Mancini penned one of the most striking examples of a standard set in a minor key when he created this composition. He opens the piece using what jazz theorists refer to as CESH (Chromatic Embellishment of Static Harmony), a clever, ear-catching compositional device also heard sometimes in other notable standards (as in the first four bars of "My Funny Valentine"). Some scholars refer to CESH as Contrapuntal Elaboration of Static Harmonyboth acronyms together help elucidate what is actually happening. A chromatically changing contrapuntal line appears within a harmonic passage where otherwise the harmony remains static (for example, Bmi-Bmi#5-Bmi6-Bmi#5, in the case of this song). The changing scale degrees 5, sharp 5, and 6 within the series of B minor chords provide both the chromatic embellishment and the counterpoint referenced in the name of the compositional device. The resulting sound is one of progressively building, then easing, harmonic tension (much like the tension perceived in the CESH of the James Bond theme in which the tonic drones steadily below a chromatically rising and falling, contrapuntal harmonic element). From this device Mancini balances the complexity already introduced with the simplicity of a ii-V7 series in the tonic key. As already mentioned, the bridge begins with a harmonic shift to the relative major key (a minor third higher than the minor tonic), resulting in a highly energetic opening for a bridge. In this case, the bridge's energy starts strongly and then mysteriously wanes as it moves toward the final A.
Johnny Mercer's contribution to this composition nicely complements the high-energy music, harmonic interest, and jagged melodic intervals supplied by Henry Mancini. The words tell the story of a love affair characterized by pretense, much like players in a theatrical production. Mercer goes further with this metaphor, suggesting the scenario of an actual play with a stage, a playbill, a masquerade and "Fate" operating the curtain. At the bridge the singer wails about losing her lover onstage while the "music box" continues to play a sad, haunting, lovers' serenade. As the singer recalls this tale, (s)he comments about still hearing the song in perpetuity and that their late love was the "best on the bill." The self-contained storyline beautifully connects with the music using language strongly associated with the theater, building a fanciful, almost tragic, bittersweet remembrance of love lost.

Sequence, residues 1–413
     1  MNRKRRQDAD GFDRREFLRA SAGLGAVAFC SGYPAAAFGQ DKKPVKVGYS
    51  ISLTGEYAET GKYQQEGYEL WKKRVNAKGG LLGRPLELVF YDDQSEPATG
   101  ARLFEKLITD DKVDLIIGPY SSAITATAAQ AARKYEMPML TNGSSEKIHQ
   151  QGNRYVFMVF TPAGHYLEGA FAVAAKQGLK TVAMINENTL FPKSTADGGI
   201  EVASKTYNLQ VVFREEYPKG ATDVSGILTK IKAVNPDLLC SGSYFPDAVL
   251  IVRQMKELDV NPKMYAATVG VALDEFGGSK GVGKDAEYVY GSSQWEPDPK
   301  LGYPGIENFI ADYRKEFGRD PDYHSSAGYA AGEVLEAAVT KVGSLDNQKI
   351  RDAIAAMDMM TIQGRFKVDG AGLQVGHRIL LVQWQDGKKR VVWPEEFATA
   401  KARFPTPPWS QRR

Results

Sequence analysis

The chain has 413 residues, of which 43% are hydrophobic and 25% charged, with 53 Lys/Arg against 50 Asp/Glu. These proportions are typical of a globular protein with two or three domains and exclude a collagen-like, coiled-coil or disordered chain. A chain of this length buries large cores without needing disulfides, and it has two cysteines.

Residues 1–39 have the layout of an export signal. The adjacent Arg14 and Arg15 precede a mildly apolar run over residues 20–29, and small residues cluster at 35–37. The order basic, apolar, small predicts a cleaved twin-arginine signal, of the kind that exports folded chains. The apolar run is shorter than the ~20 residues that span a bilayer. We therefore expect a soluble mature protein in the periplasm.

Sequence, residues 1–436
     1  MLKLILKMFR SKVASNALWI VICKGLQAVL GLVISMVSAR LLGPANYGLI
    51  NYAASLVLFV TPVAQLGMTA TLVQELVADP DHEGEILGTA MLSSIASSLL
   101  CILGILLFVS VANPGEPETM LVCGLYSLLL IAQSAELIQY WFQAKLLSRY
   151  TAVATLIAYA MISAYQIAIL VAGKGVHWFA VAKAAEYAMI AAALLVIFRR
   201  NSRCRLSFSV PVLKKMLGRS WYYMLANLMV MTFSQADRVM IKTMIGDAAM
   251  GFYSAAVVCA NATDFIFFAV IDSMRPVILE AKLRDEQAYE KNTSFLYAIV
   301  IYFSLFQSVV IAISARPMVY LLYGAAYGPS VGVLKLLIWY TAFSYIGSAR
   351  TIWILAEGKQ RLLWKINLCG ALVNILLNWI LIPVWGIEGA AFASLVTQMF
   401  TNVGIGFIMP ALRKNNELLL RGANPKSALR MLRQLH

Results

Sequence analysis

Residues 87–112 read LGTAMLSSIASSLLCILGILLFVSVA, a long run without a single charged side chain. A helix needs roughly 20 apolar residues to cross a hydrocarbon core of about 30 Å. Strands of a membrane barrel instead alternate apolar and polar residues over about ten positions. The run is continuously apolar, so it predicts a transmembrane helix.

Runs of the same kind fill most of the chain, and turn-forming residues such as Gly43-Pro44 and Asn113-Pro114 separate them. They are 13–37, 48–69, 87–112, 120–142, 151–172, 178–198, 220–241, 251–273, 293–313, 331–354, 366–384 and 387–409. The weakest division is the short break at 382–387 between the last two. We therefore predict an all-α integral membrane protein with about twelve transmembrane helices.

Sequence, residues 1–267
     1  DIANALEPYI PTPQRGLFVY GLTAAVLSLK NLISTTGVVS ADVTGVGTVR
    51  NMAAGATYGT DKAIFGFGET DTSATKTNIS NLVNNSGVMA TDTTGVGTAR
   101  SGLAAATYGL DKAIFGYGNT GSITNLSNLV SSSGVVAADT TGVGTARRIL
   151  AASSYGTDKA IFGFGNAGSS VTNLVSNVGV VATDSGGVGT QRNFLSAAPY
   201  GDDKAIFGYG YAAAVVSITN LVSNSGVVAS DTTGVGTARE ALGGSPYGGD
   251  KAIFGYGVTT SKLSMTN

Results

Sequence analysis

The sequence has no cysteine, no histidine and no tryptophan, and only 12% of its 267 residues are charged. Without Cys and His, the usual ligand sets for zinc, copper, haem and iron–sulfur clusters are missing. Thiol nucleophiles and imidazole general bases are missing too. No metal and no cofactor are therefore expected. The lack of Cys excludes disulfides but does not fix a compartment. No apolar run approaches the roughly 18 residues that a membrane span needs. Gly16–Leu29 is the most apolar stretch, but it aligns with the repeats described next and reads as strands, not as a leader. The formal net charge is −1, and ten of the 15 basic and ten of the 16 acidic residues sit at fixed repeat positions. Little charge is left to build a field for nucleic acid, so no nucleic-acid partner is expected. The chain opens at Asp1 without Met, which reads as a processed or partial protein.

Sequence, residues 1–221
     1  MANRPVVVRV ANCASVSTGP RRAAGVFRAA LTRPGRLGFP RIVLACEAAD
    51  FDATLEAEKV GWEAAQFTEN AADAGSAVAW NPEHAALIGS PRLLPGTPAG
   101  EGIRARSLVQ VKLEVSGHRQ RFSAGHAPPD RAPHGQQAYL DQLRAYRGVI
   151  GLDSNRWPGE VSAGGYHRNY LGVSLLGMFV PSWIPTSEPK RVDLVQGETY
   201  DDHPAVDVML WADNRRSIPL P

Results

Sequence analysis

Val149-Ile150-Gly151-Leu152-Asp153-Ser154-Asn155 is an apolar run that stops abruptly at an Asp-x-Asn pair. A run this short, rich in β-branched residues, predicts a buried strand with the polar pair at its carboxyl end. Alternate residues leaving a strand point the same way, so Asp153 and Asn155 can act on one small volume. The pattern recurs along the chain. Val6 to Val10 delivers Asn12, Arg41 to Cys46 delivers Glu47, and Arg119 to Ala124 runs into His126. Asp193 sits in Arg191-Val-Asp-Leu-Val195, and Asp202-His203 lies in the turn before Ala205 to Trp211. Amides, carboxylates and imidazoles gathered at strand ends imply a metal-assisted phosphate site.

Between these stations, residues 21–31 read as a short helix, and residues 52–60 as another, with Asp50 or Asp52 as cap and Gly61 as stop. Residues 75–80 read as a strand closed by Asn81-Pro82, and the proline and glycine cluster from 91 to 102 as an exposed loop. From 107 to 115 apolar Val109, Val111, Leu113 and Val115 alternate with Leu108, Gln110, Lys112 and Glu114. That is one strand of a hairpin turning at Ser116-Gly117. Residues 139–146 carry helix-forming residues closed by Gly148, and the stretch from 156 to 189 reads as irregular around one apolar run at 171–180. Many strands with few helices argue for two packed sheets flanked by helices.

Mercer's use of rhyme is truly unique in this sample of how great lyricists turn a phrase. Rather than using common, predictable rhyme schemes within a musical theme, he creates rhymes across entire iterations of the A theme. For instance, he pairs the first rhyme, "-ade" of "charade" at the opening with "masquerade" at the end of the first A, but in the meantime sets up two more rhymes. The second rhyme he prepares in m. 7 ("posing") is matched in the second A theme at the same point in the phrase (at m. 23, "closing"). The third rhyme (at mm. 10 and 12) is known as an internal rhymeit repeats within a sub-phrase ("games" and "names"). This tri-rhyme-type structure is repeated in the second A section, showing a high level of phrase construction and sophistication. Here three distinct types of rhyme scheme are utilized, overlapping one another, all the while creating the exact picture of the scenario desired. None of the rhymes are in any way contrived, but each flow naturally into or around one another as the storyline unfolds, in the manner of a well-choreographed dance.
At the bridge, the rhyme scheme changes, as it nearly always does for the great standards, taking a more simple, predictable pattern. Not content merely to match the ends of sub-phrases with rhyming words, however, Mercer pairs "strings" at m. 35 with "wings" at m. 43, unifying both halves of the bridge with not one, but two rhymes. He then finishes each half of the bridge with a tidy rhyme of "gone" (m. 38) and "on" (m. 46). In the final A, the rhyme scheme continues with the pattern previously set forth for A, with a final drive to the finish using a set of three rhyming words instead of the previous two ("still," "will," "bill") before finishing the piece with the title word, an apropos sum-up of the entire song's meaning.
Mancini and Mercer successfully blended clever compositional devices with a brilliant display of storytelling and rhyme scheme when they co-created "Charade." Mancini's choice of angular melodic intervals, disjunct (leaping) motion, motivic repetition, and CESH in a minor key melded beautifully with Mercer's foray into the dark realms of tragic theater, metaphor, and intricately designed rhymes. "Charade" reveals the genius of this great songwriting team at the peak of their artistic prowess and remains a standard well worth mastering.